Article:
Sermon for the Sixteenth Sunday after Pentecost

+In the name of the Father and of the Son and of the Holy Spirit. Amen.

We have, for the past few weeks been reading from the First Epistle of St. Paul to his young apprentice, Timothy. Reading this rather discursive letter as a whole, we find that Timothy’s church in Ephesus was beset by a myriad of false teachings and false teachers. Impious superstitions; speculation which both wasted time and drew people away from the Faith once received; consent to scandalous and illegal behavior; condemnation of perfectly proper, Christian activities, like getting married and even eating.

False teaching was legion in this little church, and so were those who propagated the heresies. Worst of all, these false teachers were making a killing. We learn in today’s reading that the besetting sin in this community seemed to be love of money. They put their faith in mammon, hoping that wealth would save them. This is what in theological terms is called a “false soteriology”, which is a fancy way of saying that one can find life, and truth and purpose and salvation where these things are not to found. It is something that we fallen people fall back into, time and time again. So did Blessed Paul, who counted himself the foremost of sinners.

We are not in a world much different from Paul’s, I’m afraid. I know that I am barraged every day with false objects of hope, and sinner that I am, sometimes I put my trust in those things, hoping to find salvation there: whether it’s money, or the positive regard of my fellows, or self-sufficiency, or any of a number of countless idols the world constructs for me or I for myself. I suspect few of us are saintly enough to avoid placing our trust in these things from time to time; but it is not at the altars set up by this sin-sick world where we find salvation.

Anyway, that is what it is to live life on the terms that the world has set for us, and that is what the apostle is warning us against. The good life, he says, is forged by virtues like righteousness, godliness, faith, love, endurance, gentleness. These are what St. Paul tells us to pursue, but the pursuit of these virtues isn’t what leads to salvation, either. Rather they are the proper response to the gift of salvation already wrought upon the cross and given freely to those who would accept it. Salvation is not primarily about how we live our lives, as important as that may be, but who it is that gives us life.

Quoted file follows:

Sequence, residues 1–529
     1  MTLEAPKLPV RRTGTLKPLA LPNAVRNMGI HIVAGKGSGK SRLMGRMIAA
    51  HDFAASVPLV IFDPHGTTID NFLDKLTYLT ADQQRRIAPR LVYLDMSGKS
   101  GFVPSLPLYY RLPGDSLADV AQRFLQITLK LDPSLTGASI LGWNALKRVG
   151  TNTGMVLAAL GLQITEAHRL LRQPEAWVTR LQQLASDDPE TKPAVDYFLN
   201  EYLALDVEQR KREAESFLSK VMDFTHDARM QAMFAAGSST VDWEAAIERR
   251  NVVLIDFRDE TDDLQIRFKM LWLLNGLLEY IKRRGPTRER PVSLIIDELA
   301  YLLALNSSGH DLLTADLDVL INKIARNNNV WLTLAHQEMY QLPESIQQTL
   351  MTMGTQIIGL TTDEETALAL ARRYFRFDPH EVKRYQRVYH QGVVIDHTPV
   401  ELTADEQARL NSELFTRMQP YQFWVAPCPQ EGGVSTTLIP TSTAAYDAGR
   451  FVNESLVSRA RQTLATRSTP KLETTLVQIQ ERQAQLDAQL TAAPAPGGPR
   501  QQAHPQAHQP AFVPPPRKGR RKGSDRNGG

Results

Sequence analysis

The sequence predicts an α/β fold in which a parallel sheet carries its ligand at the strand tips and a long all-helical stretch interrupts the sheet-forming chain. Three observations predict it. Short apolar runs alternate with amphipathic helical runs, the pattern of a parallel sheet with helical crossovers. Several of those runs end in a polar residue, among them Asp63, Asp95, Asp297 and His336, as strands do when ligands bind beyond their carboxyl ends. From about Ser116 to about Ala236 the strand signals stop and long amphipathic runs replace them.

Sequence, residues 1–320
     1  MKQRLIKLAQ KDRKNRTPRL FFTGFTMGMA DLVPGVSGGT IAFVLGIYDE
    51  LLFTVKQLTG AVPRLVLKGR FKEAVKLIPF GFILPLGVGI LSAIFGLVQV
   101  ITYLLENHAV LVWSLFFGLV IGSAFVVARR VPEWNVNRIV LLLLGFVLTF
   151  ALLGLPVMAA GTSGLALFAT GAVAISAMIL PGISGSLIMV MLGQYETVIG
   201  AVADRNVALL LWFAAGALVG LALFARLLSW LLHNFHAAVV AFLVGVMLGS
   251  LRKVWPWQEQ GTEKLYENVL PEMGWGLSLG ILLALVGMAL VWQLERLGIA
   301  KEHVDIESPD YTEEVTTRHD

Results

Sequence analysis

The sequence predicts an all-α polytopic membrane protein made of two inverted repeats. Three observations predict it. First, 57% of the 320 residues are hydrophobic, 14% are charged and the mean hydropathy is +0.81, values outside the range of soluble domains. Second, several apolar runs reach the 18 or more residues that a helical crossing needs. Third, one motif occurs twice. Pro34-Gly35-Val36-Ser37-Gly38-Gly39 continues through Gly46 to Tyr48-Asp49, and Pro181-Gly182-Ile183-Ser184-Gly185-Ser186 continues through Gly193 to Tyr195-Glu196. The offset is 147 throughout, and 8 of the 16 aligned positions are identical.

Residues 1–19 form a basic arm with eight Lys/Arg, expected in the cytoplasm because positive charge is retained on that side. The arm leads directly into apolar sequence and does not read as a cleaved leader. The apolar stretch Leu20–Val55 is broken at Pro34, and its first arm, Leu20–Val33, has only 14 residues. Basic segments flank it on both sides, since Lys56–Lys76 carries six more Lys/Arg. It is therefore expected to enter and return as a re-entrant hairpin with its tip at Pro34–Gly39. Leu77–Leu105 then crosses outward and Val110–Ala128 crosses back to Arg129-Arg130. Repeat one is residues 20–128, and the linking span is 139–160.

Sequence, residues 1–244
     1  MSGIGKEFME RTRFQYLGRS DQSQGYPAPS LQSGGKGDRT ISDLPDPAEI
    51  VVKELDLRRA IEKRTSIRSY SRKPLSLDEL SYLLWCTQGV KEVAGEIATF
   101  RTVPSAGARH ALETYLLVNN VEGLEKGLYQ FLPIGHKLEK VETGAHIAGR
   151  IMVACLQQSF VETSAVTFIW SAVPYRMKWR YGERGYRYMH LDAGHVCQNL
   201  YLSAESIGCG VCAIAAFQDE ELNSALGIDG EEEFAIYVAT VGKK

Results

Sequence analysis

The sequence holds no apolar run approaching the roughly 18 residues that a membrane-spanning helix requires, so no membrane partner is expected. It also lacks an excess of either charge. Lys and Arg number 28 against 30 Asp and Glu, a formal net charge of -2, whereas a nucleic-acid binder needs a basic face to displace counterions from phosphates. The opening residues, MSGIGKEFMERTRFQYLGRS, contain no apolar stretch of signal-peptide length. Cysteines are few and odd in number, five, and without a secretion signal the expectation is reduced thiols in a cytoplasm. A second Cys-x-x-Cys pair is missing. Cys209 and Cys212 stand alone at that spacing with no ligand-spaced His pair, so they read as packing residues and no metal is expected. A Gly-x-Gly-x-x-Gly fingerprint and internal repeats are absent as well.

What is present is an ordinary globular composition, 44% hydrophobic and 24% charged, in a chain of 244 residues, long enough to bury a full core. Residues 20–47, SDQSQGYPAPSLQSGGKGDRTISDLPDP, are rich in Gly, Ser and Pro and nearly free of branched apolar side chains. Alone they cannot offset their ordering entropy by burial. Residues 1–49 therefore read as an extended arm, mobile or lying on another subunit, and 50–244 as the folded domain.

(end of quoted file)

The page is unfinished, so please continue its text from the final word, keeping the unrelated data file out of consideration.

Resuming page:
Indeed, after he lists the virtues of the Christian life, Paul goes on to explain why we ought to cultivate them: Fight the good fight, keep the faith; take hold of the eternal life to which you were called and for which you made the good confession in the presence of many witnesses. Our Lord made the good confession before Pontius Pilate, Paul tells us, and we find that confession in St. John’s Gospel: My kingdom is not of this world. We are meant to live as a people set apart, because we really are. By virtue of our Baptism we are made citizens of a kingdom that is not of this world. We are a priestly people, brought by Baptism into the Mystical Body of Christ and continually fed and reconstituted by the Very Body of Christ.

In the Fourth Century A.D., St. Ambrose of Milan, that Doctor of the Church and champion of the Faith in one of Christianity’s darkest hours, wrote a hymn which remains popular on the feast days of Apostles. The hymn extols the virtue of those whom the church recognizes as saints, but much of it applies equally to the ordinary saints of the church, the regular saints, like you and I, who are saints not by virtue of wondrous deeds, but by a simple confession of our belief in our Lord and our Baptism into His Body. From the third verse of that hymn:

Theirs is the steadfast faith of saints,
and hope that never yields nor faints;
and love of Christ in perfect glow
that lays the prince of this world low.

These aren’t miraculous acts, but the simple acts of faith we are called to live out as baptized people. To pursue righteousness, godliness, faith, love, endurance. It is in living by these uncomplicated, but sometimes impossibly difficult virtues that we show forth to the world that though we are in the world, we are not of it. We show the world the power of the God in whom we find salvation. We show that in the waters of Baptism we are truly changed and will never be the same. We show to the prince of this world that the Kingdom of God will prevail, and for this there is much rejoicing in Heaven.

+In the name of the Father and of the Son and of the Holy Spirit. Amen